There are a number of day trips by rail to Britain’s Roman towns from London. With enough time to travel there, have a good look around and enjoy some time in the town, and still get back to London in the same day, Roman British towns are an ideal excursion either independently or as part of many escorted holidays.
22 miles north of Central London in Southern Hertfordshire lies St Albans, a historic market town where much of its Roman heritage. It was the first major town situated on the Roman road Watling Street that travellers going north came across, and went by the Roman name of Verulamium. St Alban was the first Christian martyr who was beheaded by Maximium under the orders of Emperor Diocletian who denounced Christianity.
The stunning architecture is the first thing you notice while walking around St Albans; be it the 15th century clock tower or the stunning cathedral, the building of which started in 1077. Getting to St Albans from London is very simple; St Pancras and Blackfriars are just two of the London stations that will take you to St Albans, and the journey last between 17-45 minutes, depending on which station you travel from.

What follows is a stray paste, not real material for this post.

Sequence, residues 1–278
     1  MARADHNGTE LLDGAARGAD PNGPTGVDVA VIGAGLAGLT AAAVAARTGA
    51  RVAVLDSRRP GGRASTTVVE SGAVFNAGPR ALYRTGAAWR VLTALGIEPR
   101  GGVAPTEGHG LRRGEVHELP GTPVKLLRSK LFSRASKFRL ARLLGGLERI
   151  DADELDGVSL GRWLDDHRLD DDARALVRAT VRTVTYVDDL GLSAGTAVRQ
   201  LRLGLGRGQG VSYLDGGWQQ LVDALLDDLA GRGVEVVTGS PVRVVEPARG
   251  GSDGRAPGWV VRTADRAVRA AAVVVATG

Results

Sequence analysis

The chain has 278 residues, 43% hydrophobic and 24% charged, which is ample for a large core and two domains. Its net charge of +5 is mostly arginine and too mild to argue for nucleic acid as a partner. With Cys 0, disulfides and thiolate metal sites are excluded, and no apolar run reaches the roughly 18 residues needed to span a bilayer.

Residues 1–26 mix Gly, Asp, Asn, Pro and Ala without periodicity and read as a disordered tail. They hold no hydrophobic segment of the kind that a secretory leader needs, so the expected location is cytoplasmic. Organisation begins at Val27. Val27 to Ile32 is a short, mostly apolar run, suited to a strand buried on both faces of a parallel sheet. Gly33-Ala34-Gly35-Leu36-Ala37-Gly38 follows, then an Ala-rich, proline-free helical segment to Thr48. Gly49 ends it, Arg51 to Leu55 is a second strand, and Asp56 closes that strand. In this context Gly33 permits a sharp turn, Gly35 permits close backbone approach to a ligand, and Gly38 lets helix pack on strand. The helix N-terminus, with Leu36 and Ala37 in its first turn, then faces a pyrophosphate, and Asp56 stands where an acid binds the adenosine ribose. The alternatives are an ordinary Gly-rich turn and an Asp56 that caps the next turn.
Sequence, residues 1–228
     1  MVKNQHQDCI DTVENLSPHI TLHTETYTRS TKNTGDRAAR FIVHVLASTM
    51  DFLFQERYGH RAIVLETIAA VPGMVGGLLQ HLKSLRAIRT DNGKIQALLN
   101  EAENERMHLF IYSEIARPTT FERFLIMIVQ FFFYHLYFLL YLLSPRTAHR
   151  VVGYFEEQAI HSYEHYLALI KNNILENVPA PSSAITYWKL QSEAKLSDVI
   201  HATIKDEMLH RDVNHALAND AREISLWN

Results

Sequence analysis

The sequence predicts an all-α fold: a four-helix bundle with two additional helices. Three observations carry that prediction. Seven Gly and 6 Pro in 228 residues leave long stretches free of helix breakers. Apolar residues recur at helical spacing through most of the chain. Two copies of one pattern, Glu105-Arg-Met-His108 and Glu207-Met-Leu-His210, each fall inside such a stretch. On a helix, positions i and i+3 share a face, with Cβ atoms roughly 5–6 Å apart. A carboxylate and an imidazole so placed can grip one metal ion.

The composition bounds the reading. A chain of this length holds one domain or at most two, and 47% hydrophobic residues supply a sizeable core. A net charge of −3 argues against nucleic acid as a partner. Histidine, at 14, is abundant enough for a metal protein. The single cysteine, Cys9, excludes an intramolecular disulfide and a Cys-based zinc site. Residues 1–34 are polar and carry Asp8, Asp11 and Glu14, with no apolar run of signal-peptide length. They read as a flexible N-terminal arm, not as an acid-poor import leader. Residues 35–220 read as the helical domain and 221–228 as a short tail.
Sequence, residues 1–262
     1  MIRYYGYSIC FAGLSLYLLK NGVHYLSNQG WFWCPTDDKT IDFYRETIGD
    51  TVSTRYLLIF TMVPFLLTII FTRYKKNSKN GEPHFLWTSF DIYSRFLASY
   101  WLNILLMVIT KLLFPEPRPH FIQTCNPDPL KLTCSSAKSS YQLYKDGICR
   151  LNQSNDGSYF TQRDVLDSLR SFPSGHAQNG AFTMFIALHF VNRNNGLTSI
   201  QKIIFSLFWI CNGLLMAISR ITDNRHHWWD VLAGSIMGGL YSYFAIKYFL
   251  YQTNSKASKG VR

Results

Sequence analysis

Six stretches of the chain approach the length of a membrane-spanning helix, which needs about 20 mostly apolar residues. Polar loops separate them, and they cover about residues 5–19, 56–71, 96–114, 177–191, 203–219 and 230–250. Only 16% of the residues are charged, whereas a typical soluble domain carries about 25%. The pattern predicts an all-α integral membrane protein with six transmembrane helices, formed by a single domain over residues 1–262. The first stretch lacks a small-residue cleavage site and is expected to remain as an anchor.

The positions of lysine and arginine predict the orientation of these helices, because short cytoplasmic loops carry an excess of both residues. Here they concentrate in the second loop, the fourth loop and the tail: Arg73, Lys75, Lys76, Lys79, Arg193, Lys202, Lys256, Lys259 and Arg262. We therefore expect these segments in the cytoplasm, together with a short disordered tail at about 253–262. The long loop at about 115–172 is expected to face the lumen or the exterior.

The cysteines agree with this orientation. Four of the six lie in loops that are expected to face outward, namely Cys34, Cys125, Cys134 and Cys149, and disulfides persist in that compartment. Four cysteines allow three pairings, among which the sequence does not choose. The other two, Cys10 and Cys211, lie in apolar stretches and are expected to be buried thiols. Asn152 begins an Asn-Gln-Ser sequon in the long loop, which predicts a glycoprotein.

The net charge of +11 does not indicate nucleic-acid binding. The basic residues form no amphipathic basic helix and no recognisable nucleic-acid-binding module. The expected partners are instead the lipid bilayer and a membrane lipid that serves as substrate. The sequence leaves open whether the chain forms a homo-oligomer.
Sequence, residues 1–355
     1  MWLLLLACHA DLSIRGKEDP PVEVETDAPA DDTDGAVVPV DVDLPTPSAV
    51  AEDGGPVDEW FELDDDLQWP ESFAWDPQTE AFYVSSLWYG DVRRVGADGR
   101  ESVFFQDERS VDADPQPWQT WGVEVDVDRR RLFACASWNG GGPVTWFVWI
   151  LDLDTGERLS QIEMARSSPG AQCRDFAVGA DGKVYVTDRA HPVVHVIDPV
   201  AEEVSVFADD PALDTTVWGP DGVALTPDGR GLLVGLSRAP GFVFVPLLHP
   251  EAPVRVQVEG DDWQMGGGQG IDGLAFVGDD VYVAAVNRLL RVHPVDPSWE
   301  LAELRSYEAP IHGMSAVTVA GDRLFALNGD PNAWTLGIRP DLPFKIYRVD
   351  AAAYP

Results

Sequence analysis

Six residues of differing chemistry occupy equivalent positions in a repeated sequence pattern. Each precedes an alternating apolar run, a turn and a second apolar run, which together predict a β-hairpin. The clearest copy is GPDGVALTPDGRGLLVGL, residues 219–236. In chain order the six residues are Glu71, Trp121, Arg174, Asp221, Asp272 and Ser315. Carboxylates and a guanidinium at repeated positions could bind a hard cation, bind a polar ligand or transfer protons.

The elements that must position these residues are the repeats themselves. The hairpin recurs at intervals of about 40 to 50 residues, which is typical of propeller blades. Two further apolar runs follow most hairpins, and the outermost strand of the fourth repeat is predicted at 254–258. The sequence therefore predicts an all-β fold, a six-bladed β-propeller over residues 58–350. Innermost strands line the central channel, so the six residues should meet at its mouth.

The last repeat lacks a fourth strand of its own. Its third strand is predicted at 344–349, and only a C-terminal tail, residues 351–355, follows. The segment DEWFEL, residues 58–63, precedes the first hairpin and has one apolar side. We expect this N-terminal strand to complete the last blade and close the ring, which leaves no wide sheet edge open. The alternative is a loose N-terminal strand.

Within 2 hours of getting on your train at Paddington, you can be in the beautiful Roman spa town of Bath. It was first established by the Romans in AD 43 as a spa under the name of Aquae Sulis. Much of its Roman origins are sill in evidence today and in 1987, UNESCO bestowed the honour of Bath being designated as a World Heritage Site. The Romans saw Bath as being a strategically based town for the south west, seeing as it was both a crossroads for trade and also somewhere for weary soldiers to rest.
Colchester sits 60 miles north west of London and by catching a train from Liverpool Street station you can be in this historical town in around an hour. Colchester is the old recorded Roman town in England, and was the capital of Roman Britain for a while. It claims to be Britain’s oldest city and to have the oldest market.
Soon after the Romans conquered Britain in AD 43, they established a fortress here and the town was given the name of Camulodunum. One of the major archaeological finds was under the garrison where, in 2004, experts discovered the remains of a chariot race course, a unique discovery in the UK.